What statues really represent is what we want to say about ourselves and our society. Statues are there to vaunt the societal heroes who embody elements of our social identity we think are desirable, or honourable, or somethingable. They are snapshots of history, but what they represent is more ephemeral, they represent what we think is good about ourselves; our glory.

Does this mean statues of holders of views we now recognise as abhorrent should be destroyed? Certainly not, for reasons regulars here will be aware of, as I discussed in my offering about the fire in Notre Dame de Paris some years ago, and for reasons central to the importance of our discussion. We no more progress history by expunging the bits of it we no longer like or are comfortable with than we do dogmatically clinging to a preferred narrative. We progress history by exposing and learning from it. Nobody wins when our histories are sanitised. We need the darkness in our past to inform us of the dangers inherent in the future. In reality, the realisation those we've glorified in the past also engaged in shitty behaviour we'd rather distance ourselves from is one we should preserve, and highlight, and pass on, and should be filed along with not meeting our heroes and other nuggets of wisdom. Because history is written by the victors.

The best place for the statuary whose lessons we're coming to late is to preserve them, intact and on display, with complete histories of their contributions to society, warts and all. More importantly, the good things done by people who also did bad things are, well, part of the package. In my view, there are no good people and bad people, only actions and consequences in terms of benefit or deficit. People are generally benign or at least not actively malignant, with few exceptions, and are often driven to bad actions by circumstance and crappy thinking, usually of the dogmatic variety we've seen here or its kin.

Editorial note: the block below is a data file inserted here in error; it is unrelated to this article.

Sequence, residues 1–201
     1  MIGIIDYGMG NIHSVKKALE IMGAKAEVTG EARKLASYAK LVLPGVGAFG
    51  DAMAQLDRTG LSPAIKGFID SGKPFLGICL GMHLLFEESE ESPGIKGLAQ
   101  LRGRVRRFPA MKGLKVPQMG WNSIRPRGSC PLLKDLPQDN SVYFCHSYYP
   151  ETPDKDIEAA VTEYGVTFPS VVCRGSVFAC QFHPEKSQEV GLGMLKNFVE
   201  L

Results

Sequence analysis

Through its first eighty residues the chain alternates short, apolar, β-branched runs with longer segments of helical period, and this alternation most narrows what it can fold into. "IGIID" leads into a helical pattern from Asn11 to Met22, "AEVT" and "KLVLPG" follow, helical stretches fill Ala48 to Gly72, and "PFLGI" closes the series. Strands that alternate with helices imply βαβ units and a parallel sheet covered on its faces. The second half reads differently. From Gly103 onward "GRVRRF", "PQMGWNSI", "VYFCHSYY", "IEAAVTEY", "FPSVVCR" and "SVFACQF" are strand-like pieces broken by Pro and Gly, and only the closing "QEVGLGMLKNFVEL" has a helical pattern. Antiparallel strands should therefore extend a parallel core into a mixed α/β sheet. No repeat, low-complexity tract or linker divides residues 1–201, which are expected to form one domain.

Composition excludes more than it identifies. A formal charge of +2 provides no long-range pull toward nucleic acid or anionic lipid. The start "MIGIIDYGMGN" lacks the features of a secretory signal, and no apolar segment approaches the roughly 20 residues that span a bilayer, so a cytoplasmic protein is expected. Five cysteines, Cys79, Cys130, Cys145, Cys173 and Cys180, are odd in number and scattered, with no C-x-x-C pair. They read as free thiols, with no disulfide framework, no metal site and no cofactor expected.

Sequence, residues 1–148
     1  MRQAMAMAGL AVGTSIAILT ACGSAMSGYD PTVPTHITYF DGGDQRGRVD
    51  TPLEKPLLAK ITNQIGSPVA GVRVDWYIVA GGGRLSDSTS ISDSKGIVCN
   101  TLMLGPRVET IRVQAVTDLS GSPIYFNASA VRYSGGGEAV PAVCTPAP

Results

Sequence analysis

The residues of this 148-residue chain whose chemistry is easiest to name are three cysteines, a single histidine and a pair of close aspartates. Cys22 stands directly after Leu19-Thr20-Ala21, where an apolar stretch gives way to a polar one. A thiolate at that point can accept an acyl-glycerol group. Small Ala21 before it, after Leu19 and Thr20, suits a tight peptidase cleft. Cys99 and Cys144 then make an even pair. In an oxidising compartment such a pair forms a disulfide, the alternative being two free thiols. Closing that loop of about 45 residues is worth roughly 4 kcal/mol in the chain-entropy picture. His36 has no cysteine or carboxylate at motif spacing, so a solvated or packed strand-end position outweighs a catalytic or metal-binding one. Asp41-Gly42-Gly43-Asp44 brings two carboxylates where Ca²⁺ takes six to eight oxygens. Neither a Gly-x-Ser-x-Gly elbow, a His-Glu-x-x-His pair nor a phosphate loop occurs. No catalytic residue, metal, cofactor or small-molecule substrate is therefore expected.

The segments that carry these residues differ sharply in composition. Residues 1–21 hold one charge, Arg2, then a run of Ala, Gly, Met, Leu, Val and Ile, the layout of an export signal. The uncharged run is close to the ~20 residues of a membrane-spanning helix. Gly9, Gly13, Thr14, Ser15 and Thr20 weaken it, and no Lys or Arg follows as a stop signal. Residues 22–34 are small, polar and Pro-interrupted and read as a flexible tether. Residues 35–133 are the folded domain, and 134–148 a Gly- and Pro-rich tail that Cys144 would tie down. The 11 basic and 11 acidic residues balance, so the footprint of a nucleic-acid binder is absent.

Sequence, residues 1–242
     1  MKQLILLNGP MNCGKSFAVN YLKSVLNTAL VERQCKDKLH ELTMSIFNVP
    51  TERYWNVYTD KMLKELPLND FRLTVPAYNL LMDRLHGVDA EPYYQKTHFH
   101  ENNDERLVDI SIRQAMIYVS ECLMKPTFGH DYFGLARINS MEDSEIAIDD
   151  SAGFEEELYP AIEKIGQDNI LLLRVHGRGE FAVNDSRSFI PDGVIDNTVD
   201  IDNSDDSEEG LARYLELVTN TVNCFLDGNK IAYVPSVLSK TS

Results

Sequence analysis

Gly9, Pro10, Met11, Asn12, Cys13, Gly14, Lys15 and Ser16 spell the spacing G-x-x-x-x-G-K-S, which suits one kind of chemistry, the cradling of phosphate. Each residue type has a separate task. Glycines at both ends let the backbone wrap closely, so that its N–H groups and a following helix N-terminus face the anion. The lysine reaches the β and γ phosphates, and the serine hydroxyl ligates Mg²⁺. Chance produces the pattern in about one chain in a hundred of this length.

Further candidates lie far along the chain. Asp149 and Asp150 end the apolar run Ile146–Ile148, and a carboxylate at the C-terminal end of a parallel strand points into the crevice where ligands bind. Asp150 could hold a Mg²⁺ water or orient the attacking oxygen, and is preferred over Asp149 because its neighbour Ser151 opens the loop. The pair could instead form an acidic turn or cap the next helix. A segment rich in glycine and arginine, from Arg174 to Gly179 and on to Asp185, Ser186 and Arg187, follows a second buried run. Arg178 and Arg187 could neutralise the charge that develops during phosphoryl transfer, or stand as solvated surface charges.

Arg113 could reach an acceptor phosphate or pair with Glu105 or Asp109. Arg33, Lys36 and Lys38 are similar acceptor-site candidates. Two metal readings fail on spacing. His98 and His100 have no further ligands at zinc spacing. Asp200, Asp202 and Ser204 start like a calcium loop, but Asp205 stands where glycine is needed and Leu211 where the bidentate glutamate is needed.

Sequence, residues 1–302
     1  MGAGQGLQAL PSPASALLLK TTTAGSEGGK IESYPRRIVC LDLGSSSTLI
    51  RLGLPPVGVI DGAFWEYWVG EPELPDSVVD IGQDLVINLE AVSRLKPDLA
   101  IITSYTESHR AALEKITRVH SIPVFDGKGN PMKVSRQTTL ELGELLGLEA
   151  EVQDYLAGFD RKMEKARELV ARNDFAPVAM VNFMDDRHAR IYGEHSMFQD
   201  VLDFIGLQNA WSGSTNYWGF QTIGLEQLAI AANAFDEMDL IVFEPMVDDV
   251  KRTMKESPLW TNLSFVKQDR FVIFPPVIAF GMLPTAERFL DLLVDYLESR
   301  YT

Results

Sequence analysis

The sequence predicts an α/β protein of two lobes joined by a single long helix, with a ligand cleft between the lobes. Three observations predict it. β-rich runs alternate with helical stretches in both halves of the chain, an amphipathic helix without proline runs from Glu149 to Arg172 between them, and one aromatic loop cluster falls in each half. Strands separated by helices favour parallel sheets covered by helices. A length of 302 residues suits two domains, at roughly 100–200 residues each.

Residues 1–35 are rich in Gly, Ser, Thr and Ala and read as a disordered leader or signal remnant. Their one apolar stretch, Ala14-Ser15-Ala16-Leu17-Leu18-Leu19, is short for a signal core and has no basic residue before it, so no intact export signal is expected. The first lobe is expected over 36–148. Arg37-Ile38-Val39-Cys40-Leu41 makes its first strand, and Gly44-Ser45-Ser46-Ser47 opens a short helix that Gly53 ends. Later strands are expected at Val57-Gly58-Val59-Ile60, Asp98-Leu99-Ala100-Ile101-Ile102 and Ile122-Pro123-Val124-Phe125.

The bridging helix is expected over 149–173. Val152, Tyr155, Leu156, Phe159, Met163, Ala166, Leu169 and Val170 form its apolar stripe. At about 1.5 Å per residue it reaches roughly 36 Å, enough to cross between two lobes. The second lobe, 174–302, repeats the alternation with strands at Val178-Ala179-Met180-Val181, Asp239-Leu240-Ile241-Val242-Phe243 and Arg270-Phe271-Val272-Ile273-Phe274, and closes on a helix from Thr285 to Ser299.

The penultimate stop on our tour of the idea of history requiring a coat of looking-at, related to some of what's gone before, but adding perspective, concerns viewing history as the past.

One trap in history is how we view events, and especially their significance. For an example of what I mean, I'd like to look at the Emancipation Proclamation. 

There's no doubting the momentousness of Lincoln's famous executive order. All else aside, it infuriated the confederate states and firmed up who was fighting for what. Did it really free anybody, though? John F. Kennedy answered this question in 1963: